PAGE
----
Random musings on whatever subject strikes my fancy, published every other day.

Tag: IT Page 1 of 3

DBAs take on Marriage Equality, or The Y2Gay Problem

A geekily-hilarious but also serious treatment of one of the least bigoted objections to the Marriage Equality decision of last Friday: the database administrators of the world now have hell to pay.


Of course, we live in the twenty-first century, and in the words of Eddie Izzard, “there’s gonna be a lot more guys with makeup during this millennium”. Basically what I’m talking about is your non-conventional people, your non-male-non-female folks. Just having sex as a “male or female” choice is as short-sighted as having “marriage” as a “husband or wife” choice. You may need something like:
- id
- forename
- surname
- birthdate
- sex_id (foreign key references column sexes)

- id
- partner_1_id (foreign key references column humans.id)
- partner_2_id (foreign key references column humans.id)
- marriage_date
- divorce_date (NULL if marriage not ended)

- id
- string
…where the latter table would contain such well-known sexes as “female”, “male”, “intersexed”, “not stated” and leave room for juggling later, since gender roles will doubtless become more non-trivial as time passes.
In fact, the whole “gender”/”sex” thing is more complicated than this. As we all (should) know, “sex” is a strictly biological term referring primarily to the shape of the organs between your legs while “gender” is more of a mental identity or social role term, so let’s include that too:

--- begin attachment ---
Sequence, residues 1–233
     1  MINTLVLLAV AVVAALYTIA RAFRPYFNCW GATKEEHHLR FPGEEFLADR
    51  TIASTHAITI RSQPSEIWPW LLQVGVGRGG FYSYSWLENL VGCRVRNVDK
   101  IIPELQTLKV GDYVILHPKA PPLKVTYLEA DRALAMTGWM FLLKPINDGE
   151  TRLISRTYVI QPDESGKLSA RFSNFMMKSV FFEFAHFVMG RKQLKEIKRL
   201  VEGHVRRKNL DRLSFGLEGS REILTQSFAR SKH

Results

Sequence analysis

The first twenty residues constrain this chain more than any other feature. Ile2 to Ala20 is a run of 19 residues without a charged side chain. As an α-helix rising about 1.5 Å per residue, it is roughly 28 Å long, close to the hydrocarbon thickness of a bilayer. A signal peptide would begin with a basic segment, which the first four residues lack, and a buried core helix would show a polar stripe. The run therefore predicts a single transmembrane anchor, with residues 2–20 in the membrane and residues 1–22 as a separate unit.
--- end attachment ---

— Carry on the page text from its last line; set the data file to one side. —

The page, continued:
Yeah – go read the whole thing.  It’s actually all quite funny.

Why Security on the Internet is an Afterthought

This WaPo article gives us an historical perspective on why the Internet was designed to operate mostly with no encryption.  The money quote:

“Back in those days, the NSA still had the ability to visit a professor and say, ‘Do not publish that paper on cryptography.’ ”
As the ’70s wound down, [Vint] Cerf and [Robert] Kahn abandoned their efforts to bake cryptography into TCP/IP, bowing to what they considered insurmountable barriers.

This is really a great piece on how the internet morphed from an academic & defense research project to the collective nervous system of humanity.  I came into the field during the second decade of the Internet and it was not really a part of my life until about four or five years in.  I really enjoyed the insight into the earlier days.  Note the role Richard Stallman took back then – it hasn’t really changed much, at its core.

h/t to Rob Slade via CISSPForum.

Security is a Pain

I set out this weekend to figure out how to get PRTG Network Monitor to tell me the Internet bandwidth being used by our various machines, and where on the internet all that data is coming from or going to.  In order to get that level of detail, I have to enable SNMP and then tack a bandwidth monitor sensor to each device.

SNMP gets a pretty bad rap in the security world.  It’s host to its share of vulnerabilities, and the default credential (community string, in SNMP parlance) of “public” makes it obvious it gives up too much info too easily.  Every best-practices benchmark or manual will tell you to turn that off or reconfigure it so none of the defaults are taken.  More to the point, most modern OS distributions no longer enable it at all by default, and you have to explicitly enable it.